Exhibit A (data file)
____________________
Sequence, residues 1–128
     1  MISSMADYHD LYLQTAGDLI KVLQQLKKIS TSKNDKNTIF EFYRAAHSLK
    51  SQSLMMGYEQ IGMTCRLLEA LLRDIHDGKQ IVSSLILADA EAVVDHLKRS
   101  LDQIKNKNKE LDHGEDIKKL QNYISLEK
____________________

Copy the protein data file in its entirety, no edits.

Sequence, residues 1–128
     1  MISSMADYHD LYLQTAGDLI KVLQQLKKIS TSKNDKNTIF EFYRAAHSLK
    51  SQSLMMGYEQ IGMTCRLLEA LLRDIHDGKQ IVSSLILADA EAVVDHLKRS
   101  LDQIKNKNKE LDHGEDIKKL QNYISLEK